Quantum computers are the future of cryptography

The future of cryptography is getting closer, and it’s quantum. An Amazon researcher has joined two Amazon Web Services (AWS) quantum processors to be able to generate numbers in a truly random way, serving as a booster for creating harder-to-crack ciphers.

Encryption is a set of techniques designed to protect information so that only the sender and receiver of the data can understand them. The constant search for ways to better defend personal and corporate privacy makes research on how to generate figures that are harder to decipher always occur.

Quantum computers, on the other hand, are machines that use properties of quantum mechanics — a branch of physics — in their development, presenting differences with common computers, which use the Von Neumann architecture, a method that distinguishes which are the processing elements of the device and which are responsible for storing data.

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In the quantum computer, these components are differentiated in different ways, making the machine capable of processing more complex tasks, such as advanced models of artificial intelligence.

The Randomly Generated Numbers Experiment

Encryption is an important tool for data protection. Image: Reproduction/Your Micro Insurance

Mario Berta, a researcher at Amazon, brought together two quantum processors, the Rigetti and the IonQ, available in AWS’s quantum computing services in the cloud, and with that he managed to create a random number generator (RNG) that can assign random values ​​at greater speed than a random number generator built on ordinary supercomputers.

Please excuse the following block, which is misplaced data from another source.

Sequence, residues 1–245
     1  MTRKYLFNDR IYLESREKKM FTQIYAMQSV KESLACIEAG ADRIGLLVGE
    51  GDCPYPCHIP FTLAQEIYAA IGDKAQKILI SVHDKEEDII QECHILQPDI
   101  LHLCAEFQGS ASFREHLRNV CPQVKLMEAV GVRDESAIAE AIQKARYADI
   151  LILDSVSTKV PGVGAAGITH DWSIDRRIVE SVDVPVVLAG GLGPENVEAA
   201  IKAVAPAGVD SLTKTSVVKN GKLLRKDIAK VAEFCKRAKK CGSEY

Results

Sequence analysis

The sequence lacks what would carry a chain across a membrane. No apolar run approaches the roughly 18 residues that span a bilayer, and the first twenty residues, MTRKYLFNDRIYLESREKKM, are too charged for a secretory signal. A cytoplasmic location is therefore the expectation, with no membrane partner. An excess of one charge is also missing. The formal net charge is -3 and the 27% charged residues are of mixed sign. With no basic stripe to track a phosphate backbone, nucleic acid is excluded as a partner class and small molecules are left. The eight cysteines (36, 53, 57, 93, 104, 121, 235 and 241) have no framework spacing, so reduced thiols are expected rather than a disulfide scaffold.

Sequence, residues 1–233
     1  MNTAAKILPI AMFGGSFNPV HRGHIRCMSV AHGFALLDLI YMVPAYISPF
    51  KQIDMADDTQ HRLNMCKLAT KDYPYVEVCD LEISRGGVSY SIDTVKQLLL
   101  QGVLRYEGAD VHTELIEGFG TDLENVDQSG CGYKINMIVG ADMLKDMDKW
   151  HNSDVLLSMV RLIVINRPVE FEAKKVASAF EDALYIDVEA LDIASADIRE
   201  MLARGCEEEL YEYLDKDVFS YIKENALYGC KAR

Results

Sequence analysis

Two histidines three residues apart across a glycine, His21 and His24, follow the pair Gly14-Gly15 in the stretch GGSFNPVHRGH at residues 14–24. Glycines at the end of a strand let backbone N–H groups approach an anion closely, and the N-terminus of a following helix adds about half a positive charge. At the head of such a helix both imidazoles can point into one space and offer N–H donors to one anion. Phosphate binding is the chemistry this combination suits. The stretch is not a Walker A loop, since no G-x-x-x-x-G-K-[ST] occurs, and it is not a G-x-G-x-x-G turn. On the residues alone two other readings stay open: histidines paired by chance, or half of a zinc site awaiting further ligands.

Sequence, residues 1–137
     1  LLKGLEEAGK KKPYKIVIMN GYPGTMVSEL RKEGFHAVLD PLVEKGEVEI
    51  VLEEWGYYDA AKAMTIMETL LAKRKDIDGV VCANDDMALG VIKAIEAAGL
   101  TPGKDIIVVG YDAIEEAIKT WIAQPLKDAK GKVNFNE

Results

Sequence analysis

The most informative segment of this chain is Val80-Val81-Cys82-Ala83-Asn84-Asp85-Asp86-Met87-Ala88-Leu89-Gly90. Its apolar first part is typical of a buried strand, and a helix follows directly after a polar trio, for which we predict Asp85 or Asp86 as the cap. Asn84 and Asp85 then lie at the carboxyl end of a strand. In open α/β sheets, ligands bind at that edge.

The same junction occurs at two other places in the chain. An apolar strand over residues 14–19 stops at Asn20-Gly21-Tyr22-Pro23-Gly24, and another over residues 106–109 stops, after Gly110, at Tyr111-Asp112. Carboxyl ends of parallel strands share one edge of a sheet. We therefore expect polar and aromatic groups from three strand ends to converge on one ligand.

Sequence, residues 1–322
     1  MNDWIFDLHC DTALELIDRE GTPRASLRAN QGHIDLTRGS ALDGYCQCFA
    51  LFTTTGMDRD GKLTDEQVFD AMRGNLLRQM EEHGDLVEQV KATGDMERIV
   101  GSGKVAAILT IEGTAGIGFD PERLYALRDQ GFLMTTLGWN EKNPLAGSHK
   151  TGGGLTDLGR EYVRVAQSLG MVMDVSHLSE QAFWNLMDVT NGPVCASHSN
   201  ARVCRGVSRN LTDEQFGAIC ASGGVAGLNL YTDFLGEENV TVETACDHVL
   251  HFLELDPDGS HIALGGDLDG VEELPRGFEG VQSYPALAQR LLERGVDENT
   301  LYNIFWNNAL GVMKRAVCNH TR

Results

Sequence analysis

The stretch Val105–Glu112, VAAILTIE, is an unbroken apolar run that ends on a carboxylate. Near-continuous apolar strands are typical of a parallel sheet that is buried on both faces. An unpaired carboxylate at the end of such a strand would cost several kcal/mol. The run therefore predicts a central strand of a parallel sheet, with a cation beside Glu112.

In addition to the greater speed in creating ciphers, the method for generating numbers made with non-quantum computers still leaves certain vulnerabilities, since its randomness is partial. Basically, processors and oscillators used to create a cryptographic key in today’s machines can be expected to work by machines with great computational power.

In the RNG done in quantum computers, this problem does not exist, since the very nature of the processing of this type of machines is already random, making the prediction of some code more difficult. The method used by the Amazon researcher involved creating two sequences of random numbers considered “weak” for encryption by quantum processors, and then passing the two strings through a “randomness extractor”, which combines multiple pieces of data into one sequence. unique output, bordering on the perfection of randomness.

Even if the process manages to create more effective sequences, the problem, at least in this initial phase, is different. The conditions necessary for a fully functioning quantum computer are extremely specific. The place where the computers are located must have almost no atmospheric pressure, an ambient temperature close to absolute zero (-273 °C) and isolation from the Earth’s magnetic field to prevent atoms from moving, colliding or interacting with space.

In practice, these conditions are already achievable, but not in a permanent way – making that at certain times the computer operations can be modified by changes in the environment, causing the variation of number generation to be lost.

However, regardless of the actual use now, Berta believes that in the future the generation of random numbers in quantum computers will be used more, especially the better known are the flaws of current methods.

Source: ZDNET

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